The Mets landed Yoenis Cespedes in a trade with the Tigers mere minutes before Friday's trade deadline. Besides helping New York recover from the Carlos Gomez debacle, the move bolsters its offense for the stretch run.
Two days after their attempt to trade for the Brewers' Carlos Gomez blew up in spectacular fashion, and just minutes before the 4 p.m. ET non-waiver trade deadline, the Mets finally landed a significant upgrade to their outfield, trading two prospects to the Tigers for Yoenis Cespedes. The 29-year-old Cuban defector is moving on to his fourth team in a year, having been traded from the A's to the Red Sox last July 31 and then to the Tigers on December 11. Arguably, none of those teams has needed him as badly as his new one.
A human highlight reel whose showcase video created a legend that preceded his 2012 arrival in the majors, Cespedes is hitting .293/.323/.506 with 18 home runs, a 125 OPS+, 11 Defensive Runs Saved and 4.0 WAR, numbers that represent career highs save for his on-base percentage.
For his career, he's a .269/.317/.473 hitter, posting a 118 OPS+ in what have generally been offense-suppressing environments, but has been prone to free swinging; recently he went 32 games without drawing a walk. He has a howitzer for an arm, however, and any concerns about his prodigious power not playing at Citi Field should be allayed by the memory of his 2013 Home Run Derby victory (his first of two in a row) and by this overlay from the ESPN Home Run Tracker:
Cespedes is making $10.5 million in the final year of a four-year, $36 million deal, and a clause in his contract prevents him from being issued a qualifying offer, which gave the Tigers an added incentive to trade him once they decided to become sellers, a process that began in earnest when they sent David Price to the Blue Jays on Thursday. At that salary, Cespedes is less expensive than either Jay Bruce or Justin Upton, two big-name outfielders the Mets were connected to in recent days, neither of whom were traded by their respective teams before the deadline. The Mets are reportedly taking on all $3.8 million of his remaining salary, which helps to offset one oft-circulated claim that it was Gomez's remaining cost, and not concerns about his hip, that scuttled that deal (he was traded to the Astros on Thursday). Between Cespedes, reliever Tyler Clippard and infielders Kelly Johnson and Juan Uribe, the Mets have taken on about $8.3 million in additional salary, according to the Newark Star-Ledger's Mike Vorkunov.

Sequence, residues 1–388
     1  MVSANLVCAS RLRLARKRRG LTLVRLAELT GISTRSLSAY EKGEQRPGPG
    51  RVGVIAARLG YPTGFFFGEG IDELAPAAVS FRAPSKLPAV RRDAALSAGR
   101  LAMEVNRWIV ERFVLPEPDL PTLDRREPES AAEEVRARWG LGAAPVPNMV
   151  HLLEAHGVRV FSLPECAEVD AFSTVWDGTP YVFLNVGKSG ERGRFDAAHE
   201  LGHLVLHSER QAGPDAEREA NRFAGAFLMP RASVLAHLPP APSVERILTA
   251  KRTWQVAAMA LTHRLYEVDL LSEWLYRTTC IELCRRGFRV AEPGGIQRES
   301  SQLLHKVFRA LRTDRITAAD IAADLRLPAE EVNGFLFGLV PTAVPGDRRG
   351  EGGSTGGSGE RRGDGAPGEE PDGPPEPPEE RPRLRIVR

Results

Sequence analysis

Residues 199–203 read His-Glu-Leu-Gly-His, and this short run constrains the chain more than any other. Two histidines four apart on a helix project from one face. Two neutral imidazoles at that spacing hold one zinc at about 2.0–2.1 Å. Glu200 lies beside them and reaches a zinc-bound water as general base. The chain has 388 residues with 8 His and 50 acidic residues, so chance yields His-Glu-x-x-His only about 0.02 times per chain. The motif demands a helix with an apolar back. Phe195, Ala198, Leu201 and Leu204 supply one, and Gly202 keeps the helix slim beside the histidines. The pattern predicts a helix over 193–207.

In the wake of the embarrassing Gomez non-trade—reports of which left shortstop Wilmer Flores on the field in tears, because manager Terry Collins had not been told by the front office that a deal was in the works—the Mets had to do something big to capitalize on a shot at their first playoff berth since 2006 and to restore credibility with an enraged and frustrated fan base. At 52–50, they came into Friday three games back in the NL East and 4 1/2 out of the second Wild Card spot, but they're still living off an early 11-game winning streak that bumped their record to 13–3. Despite a bumper crop of effective young starting pitchers who have helped them rank third in the league in run prevention at 3.63 runs per game, their offense has been unwatchable, hitting a combined .235/.300/.364 and ranking second to last in the league at 3.56 runs per game.
Since the end of the streak, that number has fallen to 3.37 runs per game, with David Wright out since mid-April due to a hamstring strain and then a diagnosis of spinal stenosis, and significant injuries to Travis d'Arnaud and Daniel Murphy as well. Among New York's regulars, only Lucas Duda (121 OPS+), Curtis Granderson (119 OPS+) and the since-returned Murphy (100) have provided average-or-better production, not enough to offset the replacement-level offense of catcher Kevin Plawecki, third baseman Eric Campbell and centerfielder Juan Lagares, or the merely below-average offense of infielders Ruben Tejada and Flores and leftfielder Michael Cuddyer.